Ambition, personalist regimes, and control of authoritarian leaders
Journal of Theoretical Politics, 2017, vol. 29, issue 2, 167-190
Why do elites in some authoritarian regimes but not others remove from power the leaders who harm their interests? We develop a formal theory explaining this. The theory shows how elitesâ€™ ambition prevents them from controlling authoritarian leaders. Because ambitious elites are willing to stage coups to acquire power even when the leader is good, ambition renders elitesâ€™ claims that the leaderâ€™s actions harm them less credible, making the other elites less likely to support coups. We show that the impact of the proportion of competent politicians on personalist regimes is non-monotonic: personalist regimes are most likely to emerge not only when there are few competent politicians but also when there are lots of them. We also provide insight into which elites become coup-plotters. The theory explains the emergence of personalist regimes, the frequency of coups, and why some authoritarian countries enjoy a more competent leadership than others.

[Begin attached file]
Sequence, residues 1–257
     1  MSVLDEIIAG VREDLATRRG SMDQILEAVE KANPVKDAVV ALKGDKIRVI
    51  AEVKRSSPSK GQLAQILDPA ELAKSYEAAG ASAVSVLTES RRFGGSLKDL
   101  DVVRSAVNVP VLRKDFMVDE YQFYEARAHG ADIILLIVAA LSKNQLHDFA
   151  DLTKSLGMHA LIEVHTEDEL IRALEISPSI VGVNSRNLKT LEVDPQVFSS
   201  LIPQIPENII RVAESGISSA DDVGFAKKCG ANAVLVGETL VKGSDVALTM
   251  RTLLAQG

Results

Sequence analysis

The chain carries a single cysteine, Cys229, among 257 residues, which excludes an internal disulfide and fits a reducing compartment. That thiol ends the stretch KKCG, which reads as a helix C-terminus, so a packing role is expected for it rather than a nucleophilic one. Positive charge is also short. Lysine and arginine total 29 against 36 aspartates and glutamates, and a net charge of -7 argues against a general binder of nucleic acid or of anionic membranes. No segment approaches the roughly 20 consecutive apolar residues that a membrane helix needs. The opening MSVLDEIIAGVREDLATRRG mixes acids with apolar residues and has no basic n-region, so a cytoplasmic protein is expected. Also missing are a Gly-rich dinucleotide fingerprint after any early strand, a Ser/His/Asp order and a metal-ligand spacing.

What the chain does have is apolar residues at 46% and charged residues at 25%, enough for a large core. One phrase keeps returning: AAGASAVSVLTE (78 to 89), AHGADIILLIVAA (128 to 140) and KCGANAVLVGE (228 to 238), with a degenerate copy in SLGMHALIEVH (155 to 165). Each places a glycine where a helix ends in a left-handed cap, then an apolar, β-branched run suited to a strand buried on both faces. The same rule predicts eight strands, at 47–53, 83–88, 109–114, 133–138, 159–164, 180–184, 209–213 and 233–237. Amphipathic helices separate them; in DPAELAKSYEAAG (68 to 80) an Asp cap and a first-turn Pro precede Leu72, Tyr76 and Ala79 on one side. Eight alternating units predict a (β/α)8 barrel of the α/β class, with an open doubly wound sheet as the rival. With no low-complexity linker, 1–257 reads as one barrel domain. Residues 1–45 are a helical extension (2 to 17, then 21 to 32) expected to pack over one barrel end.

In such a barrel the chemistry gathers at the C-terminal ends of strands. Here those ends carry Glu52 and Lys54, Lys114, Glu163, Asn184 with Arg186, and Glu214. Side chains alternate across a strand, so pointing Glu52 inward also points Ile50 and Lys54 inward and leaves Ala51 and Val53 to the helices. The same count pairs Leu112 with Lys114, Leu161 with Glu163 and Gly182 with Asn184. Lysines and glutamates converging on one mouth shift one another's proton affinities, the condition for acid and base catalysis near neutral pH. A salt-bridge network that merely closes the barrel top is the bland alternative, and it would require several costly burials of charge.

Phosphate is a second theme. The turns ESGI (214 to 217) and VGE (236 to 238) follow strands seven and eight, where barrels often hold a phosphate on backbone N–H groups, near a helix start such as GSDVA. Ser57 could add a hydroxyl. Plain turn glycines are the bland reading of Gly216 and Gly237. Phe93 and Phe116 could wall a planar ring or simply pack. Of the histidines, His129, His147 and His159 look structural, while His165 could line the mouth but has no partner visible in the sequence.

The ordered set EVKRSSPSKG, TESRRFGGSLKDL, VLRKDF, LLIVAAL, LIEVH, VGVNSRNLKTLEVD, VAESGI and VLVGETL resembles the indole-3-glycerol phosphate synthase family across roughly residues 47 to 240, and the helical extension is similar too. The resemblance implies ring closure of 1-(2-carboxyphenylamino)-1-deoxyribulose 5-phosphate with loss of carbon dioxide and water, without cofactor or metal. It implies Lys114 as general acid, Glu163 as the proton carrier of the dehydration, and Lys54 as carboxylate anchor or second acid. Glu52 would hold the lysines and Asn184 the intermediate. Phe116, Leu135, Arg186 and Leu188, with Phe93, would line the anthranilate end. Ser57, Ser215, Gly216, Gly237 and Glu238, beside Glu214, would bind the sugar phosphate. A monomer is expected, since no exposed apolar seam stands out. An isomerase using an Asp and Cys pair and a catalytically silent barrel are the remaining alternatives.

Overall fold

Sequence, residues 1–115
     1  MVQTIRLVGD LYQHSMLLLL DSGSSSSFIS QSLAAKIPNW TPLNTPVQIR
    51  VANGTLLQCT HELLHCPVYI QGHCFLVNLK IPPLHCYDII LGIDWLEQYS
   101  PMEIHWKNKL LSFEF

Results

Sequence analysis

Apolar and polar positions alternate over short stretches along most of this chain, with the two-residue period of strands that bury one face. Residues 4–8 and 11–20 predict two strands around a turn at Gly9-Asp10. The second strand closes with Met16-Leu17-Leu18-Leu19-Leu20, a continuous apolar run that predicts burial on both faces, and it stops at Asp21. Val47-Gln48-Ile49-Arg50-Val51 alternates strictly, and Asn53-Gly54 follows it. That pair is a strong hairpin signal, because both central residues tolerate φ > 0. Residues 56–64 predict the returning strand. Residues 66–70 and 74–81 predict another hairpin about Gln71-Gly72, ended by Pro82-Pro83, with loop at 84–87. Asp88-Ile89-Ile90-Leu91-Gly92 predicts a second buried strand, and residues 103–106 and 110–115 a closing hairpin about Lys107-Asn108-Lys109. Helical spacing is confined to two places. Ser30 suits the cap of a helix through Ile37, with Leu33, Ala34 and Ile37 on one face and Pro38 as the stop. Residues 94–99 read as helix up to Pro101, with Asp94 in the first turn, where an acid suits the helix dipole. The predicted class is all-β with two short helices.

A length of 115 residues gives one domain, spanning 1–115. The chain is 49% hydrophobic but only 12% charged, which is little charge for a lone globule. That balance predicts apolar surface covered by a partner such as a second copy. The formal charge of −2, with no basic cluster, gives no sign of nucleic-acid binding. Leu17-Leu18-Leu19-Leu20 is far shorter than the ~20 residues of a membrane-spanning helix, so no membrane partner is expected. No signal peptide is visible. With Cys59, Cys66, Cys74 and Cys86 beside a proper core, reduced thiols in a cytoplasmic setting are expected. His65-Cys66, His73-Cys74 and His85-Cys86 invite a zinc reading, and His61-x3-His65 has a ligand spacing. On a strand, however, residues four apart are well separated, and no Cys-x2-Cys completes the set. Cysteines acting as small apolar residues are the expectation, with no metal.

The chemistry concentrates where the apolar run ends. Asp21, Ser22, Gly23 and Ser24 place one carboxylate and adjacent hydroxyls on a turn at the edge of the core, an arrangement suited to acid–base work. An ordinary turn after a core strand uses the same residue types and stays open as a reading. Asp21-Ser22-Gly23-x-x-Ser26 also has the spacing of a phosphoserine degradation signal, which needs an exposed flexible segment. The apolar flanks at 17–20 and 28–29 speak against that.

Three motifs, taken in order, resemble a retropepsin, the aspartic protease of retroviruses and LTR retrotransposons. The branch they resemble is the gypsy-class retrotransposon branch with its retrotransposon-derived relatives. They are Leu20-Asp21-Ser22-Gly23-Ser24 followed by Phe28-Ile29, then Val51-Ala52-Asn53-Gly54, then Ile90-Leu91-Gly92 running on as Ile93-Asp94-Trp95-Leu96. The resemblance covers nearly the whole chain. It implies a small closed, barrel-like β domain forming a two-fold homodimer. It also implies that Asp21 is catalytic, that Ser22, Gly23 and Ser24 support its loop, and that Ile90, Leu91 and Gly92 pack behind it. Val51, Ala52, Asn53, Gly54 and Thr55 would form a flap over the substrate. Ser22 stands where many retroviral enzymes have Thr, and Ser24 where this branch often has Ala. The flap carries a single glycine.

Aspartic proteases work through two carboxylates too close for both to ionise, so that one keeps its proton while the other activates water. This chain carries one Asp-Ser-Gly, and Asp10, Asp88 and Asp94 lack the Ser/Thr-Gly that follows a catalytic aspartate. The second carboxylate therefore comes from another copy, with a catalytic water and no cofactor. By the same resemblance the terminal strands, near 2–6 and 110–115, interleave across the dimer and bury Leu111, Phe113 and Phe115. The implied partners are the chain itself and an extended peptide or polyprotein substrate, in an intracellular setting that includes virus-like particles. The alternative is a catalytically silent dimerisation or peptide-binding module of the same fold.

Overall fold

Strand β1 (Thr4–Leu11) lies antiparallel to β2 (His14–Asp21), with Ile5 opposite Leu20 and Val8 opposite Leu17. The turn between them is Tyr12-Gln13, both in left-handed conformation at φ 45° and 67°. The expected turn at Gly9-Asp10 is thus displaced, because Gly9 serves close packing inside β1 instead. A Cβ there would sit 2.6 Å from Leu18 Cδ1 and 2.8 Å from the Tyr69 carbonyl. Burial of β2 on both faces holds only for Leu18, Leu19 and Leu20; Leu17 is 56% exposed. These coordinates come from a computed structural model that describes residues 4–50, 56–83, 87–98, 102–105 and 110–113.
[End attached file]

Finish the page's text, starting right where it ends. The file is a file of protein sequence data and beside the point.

Keywords: authoritarian regimes; political control; coups (search for similar items in EconPapers)
References: Add references at CitEc
Citations: Track citations by RSS feed
Downloads: (external link)
This item may be available elsewhere in EconPapers: Search for items with the same title.
Export reference: BibTeX
RIS (EndNote, ProCite, RefMan)
Persistent link: https://EconPapers.repec.org/RePEc:sae:jothpo:v:29:y:2017:i:2:p:167-190
Access Statistics for this article
More articles in Journal of Theoretical Politics
Bibliographic data for series maintained by SAGE Publications ().